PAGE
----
From Naked Capitalism:
Shock Doctrine, American-Style: Hurricane Sandy Devastation Used to Push for Sale of Public Infrastructure to Investors
As a result of fully warranted bad press for some privatization deals, such as the lease of Chicago’s parking meters, there has been a bit (stress only a bit) more critical scrutiny of the de facto sale of public assets to consortia of private investors. Nevertheless, major banks have been using the financial distress of states and municipalities to push these deals as a solution to budget woes, when it’s a short-term expedient that leaves the public worse off. As we wrote earlier:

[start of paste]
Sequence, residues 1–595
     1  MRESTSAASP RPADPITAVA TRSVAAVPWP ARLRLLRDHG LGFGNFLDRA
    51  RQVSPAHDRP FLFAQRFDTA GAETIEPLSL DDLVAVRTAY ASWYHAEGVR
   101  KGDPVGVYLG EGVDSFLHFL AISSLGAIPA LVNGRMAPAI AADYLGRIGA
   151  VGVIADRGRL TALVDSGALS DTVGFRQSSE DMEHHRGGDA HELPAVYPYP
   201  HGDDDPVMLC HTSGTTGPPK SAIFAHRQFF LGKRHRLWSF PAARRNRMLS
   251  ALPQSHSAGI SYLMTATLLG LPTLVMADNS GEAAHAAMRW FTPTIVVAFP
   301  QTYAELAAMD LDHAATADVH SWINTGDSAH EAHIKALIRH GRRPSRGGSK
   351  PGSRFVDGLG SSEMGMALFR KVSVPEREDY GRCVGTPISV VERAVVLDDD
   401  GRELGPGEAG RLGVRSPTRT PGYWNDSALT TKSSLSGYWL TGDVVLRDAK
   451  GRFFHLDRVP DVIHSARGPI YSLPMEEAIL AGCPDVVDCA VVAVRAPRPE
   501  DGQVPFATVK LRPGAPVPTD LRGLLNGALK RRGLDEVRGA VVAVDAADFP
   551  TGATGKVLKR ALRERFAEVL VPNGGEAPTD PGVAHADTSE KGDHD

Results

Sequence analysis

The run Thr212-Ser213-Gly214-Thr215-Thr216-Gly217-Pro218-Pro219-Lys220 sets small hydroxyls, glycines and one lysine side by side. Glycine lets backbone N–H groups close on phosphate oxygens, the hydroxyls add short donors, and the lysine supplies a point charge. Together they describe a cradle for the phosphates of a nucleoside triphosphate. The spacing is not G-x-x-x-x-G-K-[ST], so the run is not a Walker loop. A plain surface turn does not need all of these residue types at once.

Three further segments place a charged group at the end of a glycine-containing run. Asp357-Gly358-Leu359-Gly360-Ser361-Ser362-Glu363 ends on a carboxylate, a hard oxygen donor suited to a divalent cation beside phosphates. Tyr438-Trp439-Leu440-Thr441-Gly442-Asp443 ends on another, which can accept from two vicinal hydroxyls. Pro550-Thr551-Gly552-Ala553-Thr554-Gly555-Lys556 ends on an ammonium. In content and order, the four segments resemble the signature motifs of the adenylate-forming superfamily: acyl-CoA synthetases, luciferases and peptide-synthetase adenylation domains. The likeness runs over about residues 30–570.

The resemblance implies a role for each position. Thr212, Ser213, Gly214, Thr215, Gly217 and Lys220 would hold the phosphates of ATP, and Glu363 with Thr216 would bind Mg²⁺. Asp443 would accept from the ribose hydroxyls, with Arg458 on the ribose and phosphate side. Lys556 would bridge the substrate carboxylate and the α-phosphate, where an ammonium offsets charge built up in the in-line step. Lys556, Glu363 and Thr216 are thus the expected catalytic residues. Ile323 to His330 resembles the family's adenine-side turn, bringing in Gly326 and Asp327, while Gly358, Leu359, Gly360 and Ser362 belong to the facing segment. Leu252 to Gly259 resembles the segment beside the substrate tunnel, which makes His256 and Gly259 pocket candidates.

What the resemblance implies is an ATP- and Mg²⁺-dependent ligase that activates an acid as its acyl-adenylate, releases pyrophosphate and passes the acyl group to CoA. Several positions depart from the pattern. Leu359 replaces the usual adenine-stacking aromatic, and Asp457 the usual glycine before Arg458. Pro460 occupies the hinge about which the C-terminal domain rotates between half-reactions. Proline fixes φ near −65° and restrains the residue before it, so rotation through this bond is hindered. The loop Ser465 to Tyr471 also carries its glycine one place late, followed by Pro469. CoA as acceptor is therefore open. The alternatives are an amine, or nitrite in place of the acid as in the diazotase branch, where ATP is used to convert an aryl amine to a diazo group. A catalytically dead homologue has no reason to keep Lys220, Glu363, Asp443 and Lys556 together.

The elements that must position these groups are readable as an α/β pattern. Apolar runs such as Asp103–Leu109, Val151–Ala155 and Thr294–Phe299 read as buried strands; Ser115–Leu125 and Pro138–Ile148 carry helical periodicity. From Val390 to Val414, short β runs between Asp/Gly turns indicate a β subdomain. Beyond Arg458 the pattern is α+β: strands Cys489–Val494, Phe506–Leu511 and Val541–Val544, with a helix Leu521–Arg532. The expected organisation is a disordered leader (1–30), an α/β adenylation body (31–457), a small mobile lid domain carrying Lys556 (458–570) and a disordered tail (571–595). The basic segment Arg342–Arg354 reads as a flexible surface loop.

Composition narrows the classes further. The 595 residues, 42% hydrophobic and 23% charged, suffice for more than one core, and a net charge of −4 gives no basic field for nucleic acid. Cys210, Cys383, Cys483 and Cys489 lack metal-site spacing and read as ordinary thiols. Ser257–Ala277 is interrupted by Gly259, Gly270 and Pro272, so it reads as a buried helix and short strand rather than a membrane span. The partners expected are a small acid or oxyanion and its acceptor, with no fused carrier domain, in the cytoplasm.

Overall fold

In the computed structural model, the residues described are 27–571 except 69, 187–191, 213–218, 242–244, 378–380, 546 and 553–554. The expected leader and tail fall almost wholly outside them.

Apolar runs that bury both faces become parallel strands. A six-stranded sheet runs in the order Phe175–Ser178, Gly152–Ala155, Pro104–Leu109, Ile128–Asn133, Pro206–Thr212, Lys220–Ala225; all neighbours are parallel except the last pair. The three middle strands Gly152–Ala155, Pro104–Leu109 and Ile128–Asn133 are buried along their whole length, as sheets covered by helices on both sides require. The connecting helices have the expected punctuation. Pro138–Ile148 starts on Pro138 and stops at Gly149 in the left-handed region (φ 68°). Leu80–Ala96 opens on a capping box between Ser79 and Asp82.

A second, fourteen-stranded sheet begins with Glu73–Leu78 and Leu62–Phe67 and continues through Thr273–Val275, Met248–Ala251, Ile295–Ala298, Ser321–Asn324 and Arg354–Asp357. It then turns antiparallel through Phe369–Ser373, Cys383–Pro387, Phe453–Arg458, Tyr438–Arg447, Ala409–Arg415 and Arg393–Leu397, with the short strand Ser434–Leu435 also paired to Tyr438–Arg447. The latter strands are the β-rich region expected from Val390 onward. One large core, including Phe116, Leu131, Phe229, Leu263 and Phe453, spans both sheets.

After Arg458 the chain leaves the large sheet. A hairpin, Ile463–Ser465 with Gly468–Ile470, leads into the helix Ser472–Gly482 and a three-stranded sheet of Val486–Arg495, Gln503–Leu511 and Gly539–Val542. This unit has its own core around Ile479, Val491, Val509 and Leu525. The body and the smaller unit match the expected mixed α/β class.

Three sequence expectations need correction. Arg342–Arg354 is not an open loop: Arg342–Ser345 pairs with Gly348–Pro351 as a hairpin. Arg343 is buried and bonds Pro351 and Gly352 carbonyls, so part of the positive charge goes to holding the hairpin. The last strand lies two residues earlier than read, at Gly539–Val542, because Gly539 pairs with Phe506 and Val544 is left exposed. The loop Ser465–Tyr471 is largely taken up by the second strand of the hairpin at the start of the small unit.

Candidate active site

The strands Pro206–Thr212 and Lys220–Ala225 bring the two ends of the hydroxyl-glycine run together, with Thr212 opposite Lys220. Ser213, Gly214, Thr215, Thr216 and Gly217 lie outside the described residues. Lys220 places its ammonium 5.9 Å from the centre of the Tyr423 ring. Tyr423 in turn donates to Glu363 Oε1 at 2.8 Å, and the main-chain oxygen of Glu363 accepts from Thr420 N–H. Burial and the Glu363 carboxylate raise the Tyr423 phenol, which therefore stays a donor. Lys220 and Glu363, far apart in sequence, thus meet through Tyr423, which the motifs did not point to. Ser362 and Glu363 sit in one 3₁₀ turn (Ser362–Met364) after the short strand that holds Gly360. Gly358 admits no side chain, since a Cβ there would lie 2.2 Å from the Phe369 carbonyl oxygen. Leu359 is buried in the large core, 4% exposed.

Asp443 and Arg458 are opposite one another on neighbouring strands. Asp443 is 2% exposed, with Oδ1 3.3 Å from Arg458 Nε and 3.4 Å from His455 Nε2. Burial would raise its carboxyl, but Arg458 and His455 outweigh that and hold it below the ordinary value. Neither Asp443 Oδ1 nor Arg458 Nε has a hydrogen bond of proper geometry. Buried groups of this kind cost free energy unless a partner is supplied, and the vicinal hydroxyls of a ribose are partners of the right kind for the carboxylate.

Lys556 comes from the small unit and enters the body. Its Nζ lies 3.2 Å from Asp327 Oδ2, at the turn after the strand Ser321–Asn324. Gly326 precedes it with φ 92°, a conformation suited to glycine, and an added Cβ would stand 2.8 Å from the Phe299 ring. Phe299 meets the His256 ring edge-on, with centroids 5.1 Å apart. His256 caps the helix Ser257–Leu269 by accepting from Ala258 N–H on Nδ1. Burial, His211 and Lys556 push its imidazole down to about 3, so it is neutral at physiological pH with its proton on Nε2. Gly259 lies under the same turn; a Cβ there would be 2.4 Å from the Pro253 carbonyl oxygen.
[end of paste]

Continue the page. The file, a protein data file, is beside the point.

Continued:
The problem, of course, is that these deals put important public resources paid for by taxes (or even worse, financed by bonds and thus potentially not even yet fully paid for) in the hands of private investors. They then earn their returns by charging user fees of various sorts. The public must rely on the new owners for reinvestment and maintenance, and depending on how the deal is negotiated, may have ceded control as far as fee increases are concerned. This is tantamount to selling the family china only to have to rent it back in order to eat dinner.